Posted by Chris @ 04:30 PM EST [Link]

Monday, June 9, 2003

South Carolina Sen. Strom Thurmond isn't dead yet, but if do a Google search, you might think he is. Evidently, both CNN and a South Carolina newspaper have a flood of coverage stored behind the floodgates to mark Thurmond's passing when it happens. This type of background preparation is common at a daily news operation, but what these media outlets didn't count on was Google pulling it off their sites and archiving it online for the world to see. The hypertext links don't work yet, but at least Strom can get an idea of the coverage his death will generate before he packs it all in. But who wants to read their own obituary over morning coffee and bran flakes?
I've also come across an interesting report from The Pew Research Center, which studies the impact of the media on the public. The Pew Global Attitudes Project surveyed 16,000 people in 20 countries and the Palestinian Authority in May, and came to a few startling conclusions. Among them, more than half the people in Indonesia, Nigeria, Pakistan, Russia, Turkey, Lebanon, Jordan, Kuwait and Moracco expect the United States to launch an invasion against them. In case you just glossed over it, more than half the citizens of Russia (71% to be exact) think the United States could invade their country. And when asked which world leaders can be expected to "do the right thing" when it comes to international affairs, Bin Laden ranked in the top three among five of the countries listed above. The U.S. appears in the top three twice. Anyway, it's a fascinating study. Find it here. Okay, back to work...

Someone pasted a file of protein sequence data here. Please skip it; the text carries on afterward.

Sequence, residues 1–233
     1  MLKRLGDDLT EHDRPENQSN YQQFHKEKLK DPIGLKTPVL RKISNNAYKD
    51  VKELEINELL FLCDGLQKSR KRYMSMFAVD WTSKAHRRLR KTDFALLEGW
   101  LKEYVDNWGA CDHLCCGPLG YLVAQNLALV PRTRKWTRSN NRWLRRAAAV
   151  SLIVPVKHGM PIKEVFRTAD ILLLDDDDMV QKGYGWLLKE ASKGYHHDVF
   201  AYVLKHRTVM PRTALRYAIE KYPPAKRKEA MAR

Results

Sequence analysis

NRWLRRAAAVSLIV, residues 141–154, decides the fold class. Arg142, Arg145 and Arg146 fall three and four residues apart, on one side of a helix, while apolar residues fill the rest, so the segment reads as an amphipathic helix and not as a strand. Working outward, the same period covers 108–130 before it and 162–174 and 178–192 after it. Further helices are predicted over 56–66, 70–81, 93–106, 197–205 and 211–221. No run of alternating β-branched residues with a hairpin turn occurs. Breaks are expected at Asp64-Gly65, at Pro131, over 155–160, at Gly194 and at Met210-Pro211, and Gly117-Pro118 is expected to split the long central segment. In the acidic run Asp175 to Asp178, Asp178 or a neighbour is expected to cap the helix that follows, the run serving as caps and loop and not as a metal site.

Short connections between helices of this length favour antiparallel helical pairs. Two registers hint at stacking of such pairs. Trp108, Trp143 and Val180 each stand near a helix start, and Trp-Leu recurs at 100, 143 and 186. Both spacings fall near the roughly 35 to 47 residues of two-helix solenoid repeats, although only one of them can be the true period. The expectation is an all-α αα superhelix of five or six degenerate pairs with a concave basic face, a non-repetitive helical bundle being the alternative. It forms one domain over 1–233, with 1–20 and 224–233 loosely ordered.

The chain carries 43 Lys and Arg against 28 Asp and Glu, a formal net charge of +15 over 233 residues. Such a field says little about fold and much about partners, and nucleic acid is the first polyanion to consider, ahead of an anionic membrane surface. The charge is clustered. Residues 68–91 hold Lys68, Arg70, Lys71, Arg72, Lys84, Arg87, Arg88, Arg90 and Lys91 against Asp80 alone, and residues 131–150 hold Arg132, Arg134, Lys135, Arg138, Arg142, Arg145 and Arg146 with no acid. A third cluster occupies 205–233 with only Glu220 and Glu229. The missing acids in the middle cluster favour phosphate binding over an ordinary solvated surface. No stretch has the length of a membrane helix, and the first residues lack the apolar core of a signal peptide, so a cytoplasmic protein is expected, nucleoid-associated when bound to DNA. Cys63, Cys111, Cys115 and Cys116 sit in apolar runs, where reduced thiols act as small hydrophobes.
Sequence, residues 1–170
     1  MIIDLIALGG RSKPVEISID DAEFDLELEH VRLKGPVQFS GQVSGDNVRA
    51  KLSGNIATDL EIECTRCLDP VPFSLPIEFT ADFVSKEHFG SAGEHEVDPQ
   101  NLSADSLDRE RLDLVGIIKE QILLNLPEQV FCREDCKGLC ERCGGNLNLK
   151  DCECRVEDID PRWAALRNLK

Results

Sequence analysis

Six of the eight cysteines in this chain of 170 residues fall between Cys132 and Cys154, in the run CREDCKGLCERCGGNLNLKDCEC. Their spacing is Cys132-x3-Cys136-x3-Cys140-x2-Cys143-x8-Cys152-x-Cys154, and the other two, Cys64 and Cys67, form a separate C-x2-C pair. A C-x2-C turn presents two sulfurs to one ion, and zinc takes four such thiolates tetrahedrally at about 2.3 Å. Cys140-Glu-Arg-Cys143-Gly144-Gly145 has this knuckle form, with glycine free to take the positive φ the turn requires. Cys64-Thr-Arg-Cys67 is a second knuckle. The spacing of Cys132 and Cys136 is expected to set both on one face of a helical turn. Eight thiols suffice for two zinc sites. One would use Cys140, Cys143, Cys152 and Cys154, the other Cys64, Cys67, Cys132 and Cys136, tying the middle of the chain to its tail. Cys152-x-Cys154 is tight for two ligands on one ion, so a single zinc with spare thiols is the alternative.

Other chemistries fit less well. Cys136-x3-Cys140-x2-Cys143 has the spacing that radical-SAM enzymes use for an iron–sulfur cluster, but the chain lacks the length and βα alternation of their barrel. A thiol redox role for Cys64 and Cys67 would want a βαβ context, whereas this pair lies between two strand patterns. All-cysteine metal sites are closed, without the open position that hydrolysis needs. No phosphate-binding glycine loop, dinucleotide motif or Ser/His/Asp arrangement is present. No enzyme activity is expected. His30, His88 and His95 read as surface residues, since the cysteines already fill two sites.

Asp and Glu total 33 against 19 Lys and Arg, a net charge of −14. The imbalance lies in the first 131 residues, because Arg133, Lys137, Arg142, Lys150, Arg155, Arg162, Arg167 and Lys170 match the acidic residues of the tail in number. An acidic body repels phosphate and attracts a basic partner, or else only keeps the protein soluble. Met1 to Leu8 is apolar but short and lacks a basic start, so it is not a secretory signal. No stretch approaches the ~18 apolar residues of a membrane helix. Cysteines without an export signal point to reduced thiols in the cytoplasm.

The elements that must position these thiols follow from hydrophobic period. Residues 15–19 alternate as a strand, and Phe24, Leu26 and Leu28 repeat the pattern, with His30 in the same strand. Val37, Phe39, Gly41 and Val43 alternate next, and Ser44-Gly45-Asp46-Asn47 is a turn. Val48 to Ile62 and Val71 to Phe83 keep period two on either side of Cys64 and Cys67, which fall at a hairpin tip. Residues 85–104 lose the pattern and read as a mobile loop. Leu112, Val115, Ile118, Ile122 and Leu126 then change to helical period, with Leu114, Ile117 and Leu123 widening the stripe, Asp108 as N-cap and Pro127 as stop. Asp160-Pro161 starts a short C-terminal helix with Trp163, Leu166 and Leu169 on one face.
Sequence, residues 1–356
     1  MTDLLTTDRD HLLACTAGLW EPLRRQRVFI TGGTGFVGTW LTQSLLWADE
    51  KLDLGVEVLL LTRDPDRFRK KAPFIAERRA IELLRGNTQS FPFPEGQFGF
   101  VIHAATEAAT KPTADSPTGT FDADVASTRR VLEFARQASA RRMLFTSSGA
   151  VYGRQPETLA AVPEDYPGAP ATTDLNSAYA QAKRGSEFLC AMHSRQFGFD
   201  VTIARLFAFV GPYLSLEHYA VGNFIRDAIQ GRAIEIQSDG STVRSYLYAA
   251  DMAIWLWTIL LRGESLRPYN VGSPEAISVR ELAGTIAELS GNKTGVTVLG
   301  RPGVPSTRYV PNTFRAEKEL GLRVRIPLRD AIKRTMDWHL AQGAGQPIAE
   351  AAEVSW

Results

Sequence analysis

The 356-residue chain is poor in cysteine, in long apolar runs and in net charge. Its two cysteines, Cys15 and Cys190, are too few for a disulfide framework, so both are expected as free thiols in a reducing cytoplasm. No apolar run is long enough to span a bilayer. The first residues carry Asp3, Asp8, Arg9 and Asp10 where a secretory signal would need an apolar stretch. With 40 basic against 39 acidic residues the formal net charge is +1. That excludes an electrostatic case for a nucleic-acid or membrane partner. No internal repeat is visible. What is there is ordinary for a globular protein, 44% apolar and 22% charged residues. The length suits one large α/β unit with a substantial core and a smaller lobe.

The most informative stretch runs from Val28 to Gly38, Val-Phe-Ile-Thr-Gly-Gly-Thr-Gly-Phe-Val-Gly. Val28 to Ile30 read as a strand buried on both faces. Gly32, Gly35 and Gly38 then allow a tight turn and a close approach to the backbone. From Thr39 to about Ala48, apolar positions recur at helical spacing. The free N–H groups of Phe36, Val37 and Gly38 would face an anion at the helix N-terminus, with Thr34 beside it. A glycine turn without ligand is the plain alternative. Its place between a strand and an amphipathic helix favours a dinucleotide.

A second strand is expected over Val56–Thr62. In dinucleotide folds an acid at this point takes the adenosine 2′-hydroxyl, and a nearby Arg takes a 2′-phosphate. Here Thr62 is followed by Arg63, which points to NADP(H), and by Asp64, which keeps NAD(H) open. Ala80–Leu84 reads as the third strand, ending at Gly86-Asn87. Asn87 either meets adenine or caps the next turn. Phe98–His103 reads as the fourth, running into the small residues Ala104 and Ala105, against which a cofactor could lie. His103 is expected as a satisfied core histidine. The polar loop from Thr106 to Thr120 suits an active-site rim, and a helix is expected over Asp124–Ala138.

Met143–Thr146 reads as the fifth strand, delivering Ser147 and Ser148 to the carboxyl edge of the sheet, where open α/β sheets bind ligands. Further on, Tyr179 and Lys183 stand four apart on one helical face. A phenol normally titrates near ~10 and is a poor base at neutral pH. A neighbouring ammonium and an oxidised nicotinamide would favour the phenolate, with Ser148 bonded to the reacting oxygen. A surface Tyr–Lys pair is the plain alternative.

Posted by Chris @ 02:54 PM EST [Link]

Wednesday, June 4, 2003

Well, I've been glued all day to CNBC's coverage of Martha Stewart's indictment today on 9 counts of insider trading, obstruction of justice and stock fraud. Read the 41-page indicted here.

Stewart and her stock broker, Peter Bacanovic, both pleaded not guilty to all charges and it appears they'll be taking their respective cases to court for a jury to decide. If convicted, Stewart will have damaged a $1 billion branding empire and possibly do jail time, all to save allegedly a mere (for her) $45,673 in lost value on her Imclone stock. Now that's a real stop loss. Besides, can her brand recover without her? I saw the Martha, Inc. movie starring Cybill Shepherd, by the way. Consensus: Very weak and sometimes incoherent script, but Shepherd pulled off Martha well with snappy signature lines such as, "Is anybody listening, or did I not ask for MERLOT!?" The movie is destined to be a cable classic. Well, maybe not. Whatever happened to "Moonlighting," anyway? But I digress.
Tony Blair is taking a real beating in Britain over the lack of WMD in Iraq. It will be fascinating to see to what extent the stories coming out of London gain traction in the U.S. media. The next week should be intriguing, particularly now that the FCC has loosened the media ownership rules and Congress is taking up the issue of media reregulation.


Posted by Chris @ 04:51 PM EST [Link]

Sunday, June 1, 2003

Posted by Chris @ 09:59 AM EST [Link]